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Chapter 22 Special Topics (Section 2 Supplement)


Statistical Overview

  • In the Third Annual Report to Congress under the Violence Against Women Act, researchers stated that, contrary to common belief, only 23% of female victims are stalked by strangers. Thirty-eight percent of female stalking victims are stalked by current or former husbands, 10% by current or former cohabiting partners, and 14% by current or former boyfriends (NIJ 2001).

  • The National College Women Sexual Victimization (NCWSV) study reported a stalking incidence rate of 156.5 per 1,000 female students or 13% during the seven-month period following the beginning of the 1996 school year. A stalker in this study was defined as someone who repeatedly followed, watched, phoned, wrote, e-mailed, or communicated in other ways that appeared obsessive and made the individual afraid or concerned for her safety (Fisher, Cullen, and Turner 2000).

  • In the NCWSV study, four out of five victims knew their stalkers: 42.5% were boyfriends or ex-boyfriends; 24.5% were classmates; 10.3% were acquaintances; 5.6% were friends; and 5.6% were co-workers. Stalking incidents lasted an average of sixty days. Two-thirds of the sample reported being stalked two to six times a week (Ibid.).

  • In the NCWSV survey, some victims reported being physically injured by the stalker; 10.3% were forced into a sexual or an attempted sexual contact. Over 15% reported that the stalker threatened or attempted to harm them, and 30% felt injured emotionally and psychologically from being stalked (Ibid.).

Significant Legislation

On April 1, 2001, amendments to the Michigan criminal stalking law were signed that make it illegal for a person to post a message through an electronic medium, including the Internet, if the sender intends to make the victim feel terrorized, frightened, intimidated, or harassed, and the action causes the victim to suffer emotional distress or feel terrorized, frightened, intimidated, or harassed. Violations of the law constitute felonies and can carry prison sentences of up to two years or fines of up to $2000. The new law also provides more stringent penalties, up to five years in prison and $10,000 in fines, if the message is a violation of a restraining order, injunction, or condition of release (NCVC 2002).

California Assembly Bill 2425 enacted on September 24, 2000, increases sentences for convicted stalkers, streamlines notification to victims of offender release, and sets up a public telephone number which victims and the general public can call to inquire about a stalker's bail arrangements or release. Stalkers with a high risk of reoffending will be placed under intensive parole supervision (California AB 2425).

SB 192 went into effect in West Virginia on July 13, 2001, to establish felony penalties for a subsequent conviction for stalking within five years of a prior conviction and for stalking that is in violation of a protection order. Both acts are punishable by incarceration in a state correctional facility for one to five years or a fine of $3000 to $10,000 (NCVC 2000).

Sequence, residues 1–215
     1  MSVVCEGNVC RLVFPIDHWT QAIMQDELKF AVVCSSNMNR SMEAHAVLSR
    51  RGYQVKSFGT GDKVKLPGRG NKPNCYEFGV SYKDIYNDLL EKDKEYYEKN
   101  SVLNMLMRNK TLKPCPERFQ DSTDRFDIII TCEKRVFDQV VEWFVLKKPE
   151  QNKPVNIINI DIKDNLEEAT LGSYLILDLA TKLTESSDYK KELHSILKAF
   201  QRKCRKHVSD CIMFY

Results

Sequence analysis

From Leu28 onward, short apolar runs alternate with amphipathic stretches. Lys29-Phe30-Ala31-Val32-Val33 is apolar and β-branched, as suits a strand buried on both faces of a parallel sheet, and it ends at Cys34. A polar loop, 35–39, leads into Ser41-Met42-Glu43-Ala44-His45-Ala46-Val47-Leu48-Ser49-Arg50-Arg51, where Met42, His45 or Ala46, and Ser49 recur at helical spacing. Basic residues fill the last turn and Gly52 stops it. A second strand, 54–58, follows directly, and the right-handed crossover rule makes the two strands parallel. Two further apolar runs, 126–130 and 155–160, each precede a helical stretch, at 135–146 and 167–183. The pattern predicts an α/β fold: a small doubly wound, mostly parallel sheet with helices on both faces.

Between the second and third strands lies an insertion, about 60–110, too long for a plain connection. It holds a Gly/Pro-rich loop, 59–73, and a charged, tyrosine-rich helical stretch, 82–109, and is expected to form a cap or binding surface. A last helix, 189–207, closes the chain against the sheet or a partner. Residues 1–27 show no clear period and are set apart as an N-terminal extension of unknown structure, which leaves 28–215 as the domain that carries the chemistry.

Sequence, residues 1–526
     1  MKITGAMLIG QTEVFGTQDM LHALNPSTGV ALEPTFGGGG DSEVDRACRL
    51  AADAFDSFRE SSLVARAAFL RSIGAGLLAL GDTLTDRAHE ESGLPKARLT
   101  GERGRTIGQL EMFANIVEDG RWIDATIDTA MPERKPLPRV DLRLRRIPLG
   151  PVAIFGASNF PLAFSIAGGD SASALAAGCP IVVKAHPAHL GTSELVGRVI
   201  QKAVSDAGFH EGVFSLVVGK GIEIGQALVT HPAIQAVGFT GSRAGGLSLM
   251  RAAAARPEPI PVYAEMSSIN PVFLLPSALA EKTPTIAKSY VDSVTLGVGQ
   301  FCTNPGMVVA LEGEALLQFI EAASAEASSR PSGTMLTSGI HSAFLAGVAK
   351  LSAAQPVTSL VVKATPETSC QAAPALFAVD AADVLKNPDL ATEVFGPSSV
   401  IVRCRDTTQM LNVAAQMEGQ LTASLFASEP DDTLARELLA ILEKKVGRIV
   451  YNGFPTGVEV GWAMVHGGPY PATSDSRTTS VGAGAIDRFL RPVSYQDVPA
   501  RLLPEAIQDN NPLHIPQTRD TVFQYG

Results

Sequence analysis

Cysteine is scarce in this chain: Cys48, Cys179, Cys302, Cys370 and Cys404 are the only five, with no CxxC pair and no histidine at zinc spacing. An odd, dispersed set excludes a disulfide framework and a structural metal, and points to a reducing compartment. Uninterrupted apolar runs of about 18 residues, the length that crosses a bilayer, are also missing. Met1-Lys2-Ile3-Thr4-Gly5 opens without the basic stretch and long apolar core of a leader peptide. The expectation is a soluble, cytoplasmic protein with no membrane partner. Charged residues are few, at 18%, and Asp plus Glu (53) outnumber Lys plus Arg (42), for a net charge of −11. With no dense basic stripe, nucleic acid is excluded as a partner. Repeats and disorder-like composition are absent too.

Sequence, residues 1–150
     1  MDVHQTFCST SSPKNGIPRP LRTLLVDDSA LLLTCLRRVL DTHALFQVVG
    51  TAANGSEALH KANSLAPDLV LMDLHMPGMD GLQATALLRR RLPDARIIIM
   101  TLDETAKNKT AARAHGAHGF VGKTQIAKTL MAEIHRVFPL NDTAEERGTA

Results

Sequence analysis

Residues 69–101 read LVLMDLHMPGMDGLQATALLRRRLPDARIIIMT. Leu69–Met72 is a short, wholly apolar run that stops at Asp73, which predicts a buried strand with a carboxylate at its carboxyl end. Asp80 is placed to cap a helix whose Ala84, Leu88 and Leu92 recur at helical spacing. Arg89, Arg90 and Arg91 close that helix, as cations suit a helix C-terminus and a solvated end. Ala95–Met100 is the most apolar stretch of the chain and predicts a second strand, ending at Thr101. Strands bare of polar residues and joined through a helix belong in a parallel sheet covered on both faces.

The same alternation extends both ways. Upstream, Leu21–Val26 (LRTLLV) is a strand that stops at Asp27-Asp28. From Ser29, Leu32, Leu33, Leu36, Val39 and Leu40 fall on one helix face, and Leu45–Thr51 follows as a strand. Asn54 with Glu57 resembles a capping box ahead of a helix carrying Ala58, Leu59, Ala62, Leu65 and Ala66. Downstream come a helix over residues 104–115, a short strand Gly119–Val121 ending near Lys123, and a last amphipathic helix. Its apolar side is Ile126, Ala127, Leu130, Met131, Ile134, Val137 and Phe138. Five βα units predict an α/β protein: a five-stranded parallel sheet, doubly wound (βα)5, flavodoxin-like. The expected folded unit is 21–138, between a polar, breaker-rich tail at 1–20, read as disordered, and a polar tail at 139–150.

On July 13, 2001, the Rhode Island legislature passed several laws to address stalking. Senate 193A provides for a civil cause of action for stalking. House 5248 permits an employer to obtain a restraining order on behalf of an employee who is being harassed or stalked at the workplace. House 5466A criminalizes cyberstalking and provides for felony penalties for second convictions and cyberstalking in violation of a restraining order (Ibid.).

Current Stalking Issues

In addition to new laws and policies enacted to address cyberstalking and to increase punishment for repeat offenders, states are grappling with other issues concerning victim safety once the stalker has been apprehended by the police.

Strengthening Antistalking Statutes, published by the Office for Victims of Crime (2002), reports that many states are currently addressing pretrial release conditions for stalkers and safety concerns for victims. Stalkers who have been charged are usually released on bail and may continue to be dangerous to victims during the pretrial phase. Some states are seeking means to protect victims during this phase of the criminal justice process by allowing the courts to attach a no-contact order as a condition of pretrial release or giving the court the discretion to deny bail if it can be determined that the stalker presents a threat to the physical safety of the victim. The state of Illinois calls for a hearing to determine if a stalker presents a real and present threat to the physical safety of a victim and if so, bail can be denied to prevent the fulfillment of the threat.

Some stalkers have lifetime obsessions about their targets so that when they reach the end of their sentence, at-risk victims must go through the process of reapplication for protection orders, sometimes for the rest of their lives. The application process is not only traumatic to victims but also may reveal to the stalker their whereabouts. Therefore, states are looking at such remedies as post-adjudication lifetime protection orders. The state of New Jersey has addressed this problem by linking a conviction for stalking in the state to an application for a permanent restraining order so that once the stalker is found guilty, the permanent restraining order is issued and can only be revoked by request from the victim (OVC 2002).

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Chapter 22 Special Topics June 2002
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